I’m not being facetious; I mean it. Because I LOVE animal videos. They make me happy. They make me laugh. Sometimes they make my day. I’m not shallow, I’m not a crazy cat lady; I’m just an appreciator of our great animal kingdom. And science now proves I’m on the right track.
Since I no longer subscribe to the local paper (too many ads, too much wasted paper, and we travel too much), I typically start my workday with a cup of chai (lately my thing) and a scroll through various online new sources. And when I get to Facebook, I find myself smiling, grinning, even laughing out loud at the predictably present videos of animals doing those things animals do: being cute, tugging heartstrings, interacting nicely with various species, listening to or dancing to music, or just generally being incredibly entertaining.
It used to be standard operating procedure to poke fun at not only those who posted such pictures and videos, but those who enjoyed them, but there’s been a recent cultural shift, inspired by some actual stats that prove the value of such postings.
A Japanese research paper entitled “The Power of Kawaii: Viewing Cute Images Promotes a Careful Behavior and Narrows Attentional Focus,” posits that taking breaks to indulge in a little animal viewing can actually be helpful to one’s work flow:
Results show that participants performed tasks requiring focused attention more carefully after viewing cute images. This is interpreted as the result of a narrowed attentional focus induced by the cuteness-triggered positive emotion that is associated with approach motivation and the tendency toward systematic processing.
Animal videos have also helped raise awareness of the plight of poaching; promoted greater human-to-animal understanding; aided humans as a form of meditation, and even contribute to scientific understanding of animal behaviors:
“They’re not substitutes for good, hardcore research, but they’re very valuable for people who aren’t going to see certain things,” Marc Bekoff, a former professor of ecology and evolutionary biology at the University of Colorado, Boulder, told LiveScience this week. “From a pedagogical point of view, I wish I had had more access to YouTube videos. I would have probably used them in my classes.”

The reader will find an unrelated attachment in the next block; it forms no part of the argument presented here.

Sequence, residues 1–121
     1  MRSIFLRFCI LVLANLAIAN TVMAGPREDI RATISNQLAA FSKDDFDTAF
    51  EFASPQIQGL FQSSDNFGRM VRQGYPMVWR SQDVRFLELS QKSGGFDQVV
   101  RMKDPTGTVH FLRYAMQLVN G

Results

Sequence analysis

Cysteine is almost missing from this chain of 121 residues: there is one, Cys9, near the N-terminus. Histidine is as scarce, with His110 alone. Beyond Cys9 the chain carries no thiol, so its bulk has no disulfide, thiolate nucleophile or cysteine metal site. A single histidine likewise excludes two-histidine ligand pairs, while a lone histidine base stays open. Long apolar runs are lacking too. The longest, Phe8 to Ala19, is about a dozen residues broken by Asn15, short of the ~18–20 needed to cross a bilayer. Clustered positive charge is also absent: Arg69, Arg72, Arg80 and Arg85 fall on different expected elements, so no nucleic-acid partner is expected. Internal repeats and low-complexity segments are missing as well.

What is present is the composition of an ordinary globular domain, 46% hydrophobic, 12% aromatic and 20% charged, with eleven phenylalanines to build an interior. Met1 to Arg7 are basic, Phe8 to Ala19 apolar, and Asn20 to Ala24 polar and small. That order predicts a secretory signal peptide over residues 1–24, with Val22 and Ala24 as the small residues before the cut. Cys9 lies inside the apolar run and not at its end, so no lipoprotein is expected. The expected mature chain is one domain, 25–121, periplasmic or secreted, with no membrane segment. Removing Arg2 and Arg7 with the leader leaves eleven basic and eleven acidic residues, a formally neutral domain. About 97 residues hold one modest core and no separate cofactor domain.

Others have even extrapolated that the pleasure derived from watching cute animal videos helps in bone growth (that seems a stretch, but, hey, who am I to argue?). Even Super Bowl 2015’s most successful commercial was a compilation of some of the best inter-species videos around (maybe my favorite commercial ever!).
Personally, and with kudos to all those many benefits, I am simply entertained. I love breaking up my work to occasionally enjoy cockatoos with decidely different attitudes about Elvis (hilarious!!), a montage of cats who rule the roost, or an elephant finding delight in a big blue ribbon. Of course, baby goats are always delightful, but baby goats in pajamas will leave you speechless. And if you think only furry animals are worth a watch, get a kick of out this octopus determined to hold onto coconut shells he/she found!
These glimpses into the lives, emotions, activities, and predilections of our animal brethren can only help make clear just how alike we creatures are. They not only entertain us, they connect us; they let us know we’re all in this together, living, loving, and banging on pots.
So thanks, everyone, for making my days a little brighter. And now I’ll leave you with Husky Sings With Baby. Go build some bone! 🙂
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